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U.S. and U.N talk post-Taliban rule



By CNN State Department Producer Elise Labott

WASHINGTON (CNN) -- Preparing for the eventual collapse of the Taliban, the Bush administration and the United Nations have intensified efforts to work with Afghan opposition groups to form a future government in Kabul.

Secretary of State Colin Powell arrived in Pakistan Monday for consultations with President Pervez Musharaff, where the agenda included a new government in Afghanistan.

Aboard his plane, Powell said he appointed Richard Haas, his Director of Policy Planning for the State Department, as his personal representative to deal with the international community on a post-Taliban Afghanistan. Earlier this month Hass traveled to Rome meet with exiled Afghan King Zahir Shah, who officials say is shaping up to be an interim head of a post-Taliban government.

Powell said the Bush administration was in touch with a variety of Afghan groups comprising "all the political elements" of Afghan society, including the exiled king, the Northern Alliance and others.

But administration officials and members of the Afghan groups say while the king could serve as a rallying force for a post-Taliban government, his age and lack of administrative experience make him an unlikely long-term head of state.

Administration officials tell CNN currently the Afghan groups are "jockeying" for a place in an Afghan "loya jirga," or supreme council, which would bring together 120 ethnic and tribal representatives to draw up a new government structure, political process and constitution for a post-Taliban Afghanistan.

"They are all working out their terms," the official said. "They are choosing their own representatives. They do have a lot of work to do."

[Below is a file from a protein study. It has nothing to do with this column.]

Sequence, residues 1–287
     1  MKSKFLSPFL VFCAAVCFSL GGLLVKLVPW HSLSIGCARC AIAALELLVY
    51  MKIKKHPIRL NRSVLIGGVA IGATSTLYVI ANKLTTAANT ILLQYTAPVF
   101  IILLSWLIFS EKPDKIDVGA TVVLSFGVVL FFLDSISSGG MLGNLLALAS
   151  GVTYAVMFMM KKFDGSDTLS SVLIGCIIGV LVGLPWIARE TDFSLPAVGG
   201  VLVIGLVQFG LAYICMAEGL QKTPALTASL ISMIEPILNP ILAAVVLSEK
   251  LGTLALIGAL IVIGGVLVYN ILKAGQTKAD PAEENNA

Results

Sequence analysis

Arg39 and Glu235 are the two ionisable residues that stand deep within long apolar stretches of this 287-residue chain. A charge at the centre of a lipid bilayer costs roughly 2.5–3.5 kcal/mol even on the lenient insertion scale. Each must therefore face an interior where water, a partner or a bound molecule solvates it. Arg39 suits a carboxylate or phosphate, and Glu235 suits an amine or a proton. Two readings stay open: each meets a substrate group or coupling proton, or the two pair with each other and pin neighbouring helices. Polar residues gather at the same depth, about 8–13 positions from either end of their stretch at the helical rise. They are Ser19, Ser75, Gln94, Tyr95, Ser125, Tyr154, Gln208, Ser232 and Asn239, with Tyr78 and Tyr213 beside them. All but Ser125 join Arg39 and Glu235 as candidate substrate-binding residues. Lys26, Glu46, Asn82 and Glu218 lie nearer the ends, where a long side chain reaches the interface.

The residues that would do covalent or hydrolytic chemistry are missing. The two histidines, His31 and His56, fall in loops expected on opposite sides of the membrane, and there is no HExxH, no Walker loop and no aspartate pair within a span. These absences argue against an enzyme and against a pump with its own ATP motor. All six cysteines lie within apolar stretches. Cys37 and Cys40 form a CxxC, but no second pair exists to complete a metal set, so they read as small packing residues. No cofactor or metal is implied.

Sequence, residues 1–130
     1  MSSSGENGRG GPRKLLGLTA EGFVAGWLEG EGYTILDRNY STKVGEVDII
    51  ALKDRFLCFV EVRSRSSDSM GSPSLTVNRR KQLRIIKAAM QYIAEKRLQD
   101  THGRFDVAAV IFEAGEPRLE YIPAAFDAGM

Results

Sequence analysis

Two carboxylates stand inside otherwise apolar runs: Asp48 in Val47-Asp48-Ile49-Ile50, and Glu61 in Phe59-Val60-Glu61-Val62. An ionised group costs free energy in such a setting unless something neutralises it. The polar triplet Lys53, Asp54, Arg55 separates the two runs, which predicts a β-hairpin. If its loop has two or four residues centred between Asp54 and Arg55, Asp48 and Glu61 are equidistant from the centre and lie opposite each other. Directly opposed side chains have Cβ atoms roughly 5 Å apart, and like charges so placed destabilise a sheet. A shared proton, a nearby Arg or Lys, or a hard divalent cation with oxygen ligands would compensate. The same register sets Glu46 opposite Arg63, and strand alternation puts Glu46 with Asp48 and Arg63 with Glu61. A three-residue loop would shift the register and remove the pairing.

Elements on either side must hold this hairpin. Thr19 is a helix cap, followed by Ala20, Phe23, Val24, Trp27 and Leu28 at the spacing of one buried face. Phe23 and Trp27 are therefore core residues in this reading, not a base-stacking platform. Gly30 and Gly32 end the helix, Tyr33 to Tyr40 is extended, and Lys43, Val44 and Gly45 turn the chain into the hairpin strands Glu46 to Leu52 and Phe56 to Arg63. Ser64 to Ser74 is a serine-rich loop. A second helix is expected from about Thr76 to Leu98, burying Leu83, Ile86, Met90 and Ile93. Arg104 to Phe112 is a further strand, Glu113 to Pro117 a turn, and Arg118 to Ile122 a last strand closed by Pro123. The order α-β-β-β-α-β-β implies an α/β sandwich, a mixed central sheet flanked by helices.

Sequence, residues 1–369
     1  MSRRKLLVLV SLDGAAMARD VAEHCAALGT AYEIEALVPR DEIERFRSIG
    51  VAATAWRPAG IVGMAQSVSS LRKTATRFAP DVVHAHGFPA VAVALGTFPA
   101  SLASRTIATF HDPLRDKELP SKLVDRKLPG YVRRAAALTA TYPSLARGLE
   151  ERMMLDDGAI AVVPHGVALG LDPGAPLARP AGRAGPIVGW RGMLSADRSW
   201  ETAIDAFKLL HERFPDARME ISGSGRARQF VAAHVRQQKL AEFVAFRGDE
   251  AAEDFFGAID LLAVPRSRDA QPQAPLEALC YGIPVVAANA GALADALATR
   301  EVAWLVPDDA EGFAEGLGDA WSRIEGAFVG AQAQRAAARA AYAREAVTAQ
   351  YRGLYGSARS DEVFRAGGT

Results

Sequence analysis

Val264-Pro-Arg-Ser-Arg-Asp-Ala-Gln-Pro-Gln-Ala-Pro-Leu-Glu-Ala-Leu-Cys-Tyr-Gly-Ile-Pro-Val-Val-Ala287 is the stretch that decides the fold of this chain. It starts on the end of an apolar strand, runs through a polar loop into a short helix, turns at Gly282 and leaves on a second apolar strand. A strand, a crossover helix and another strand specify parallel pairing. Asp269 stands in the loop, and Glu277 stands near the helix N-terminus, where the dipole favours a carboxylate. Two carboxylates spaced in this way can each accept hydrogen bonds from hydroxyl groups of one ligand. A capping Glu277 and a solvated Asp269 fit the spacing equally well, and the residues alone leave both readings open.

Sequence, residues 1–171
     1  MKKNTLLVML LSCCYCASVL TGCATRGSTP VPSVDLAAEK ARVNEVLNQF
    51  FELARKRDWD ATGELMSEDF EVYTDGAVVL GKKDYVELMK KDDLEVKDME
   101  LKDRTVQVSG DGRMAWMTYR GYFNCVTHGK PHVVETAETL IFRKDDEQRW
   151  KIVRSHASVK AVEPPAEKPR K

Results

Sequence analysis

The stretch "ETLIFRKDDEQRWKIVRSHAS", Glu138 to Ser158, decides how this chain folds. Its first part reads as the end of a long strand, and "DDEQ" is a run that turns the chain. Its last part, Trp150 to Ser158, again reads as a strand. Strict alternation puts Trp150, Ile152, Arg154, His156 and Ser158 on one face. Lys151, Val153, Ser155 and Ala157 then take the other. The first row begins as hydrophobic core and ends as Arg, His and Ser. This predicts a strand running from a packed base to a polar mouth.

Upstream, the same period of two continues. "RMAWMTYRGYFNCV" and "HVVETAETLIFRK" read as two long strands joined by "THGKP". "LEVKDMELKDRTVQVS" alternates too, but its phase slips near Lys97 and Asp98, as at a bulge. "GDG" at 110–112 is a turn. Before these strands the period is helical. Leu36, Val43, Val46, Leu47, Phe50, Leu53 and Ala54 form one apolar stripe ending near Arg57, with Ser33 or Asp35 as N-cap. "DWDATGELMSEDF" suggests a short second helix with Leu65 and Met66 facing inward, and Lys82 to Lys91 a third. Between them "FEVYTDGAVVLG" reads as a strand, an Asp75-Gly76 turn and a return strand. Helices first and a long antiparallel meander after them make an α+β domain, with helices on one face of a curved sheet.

Cyprus group

Administration officials tell CNN the configuration would likely be 50 seats for the Northern Alliance, 50 seats for the king and his followers and 20 for the other groups. One official said "about 50" Afghans who are negotiating the future government want to be the next president of a post-Taliban Afghanistan.

On Friday, members of the Cyprus group, a multi-ethnic conglomerate of Afghan intellectuals, will meet in Cyprus to discuss their final positions before traveling early next week to Rome for a meeting with the king and his followers, Amiryar, a professor at George Washington University and member of the Cyprus group told CNN.

"The administration is telling us to 'get on the ball, time is not on your side,'" Amiryar said.

An administration official added an "interim meeting" of the supreme council could take place shortly after that.

Afghan groups and administration officials say they have been in touch with Taliban moderates who are considering defecting from the militia and could be part of a post-Taliban regime.

"They are trying to save themselves," one administration official told CNN of reports of Taliban defections.

While he said the reports Taliban Foreign Minister Wakil Ahmed Mutawakel had left the country and was defecting from his Taliban rules are unconfirmed, the administration "wouldn't be surprised, because Mutawakel was always considered an Afghan nationalist who was never loyal to bin Laden or al Qaeda."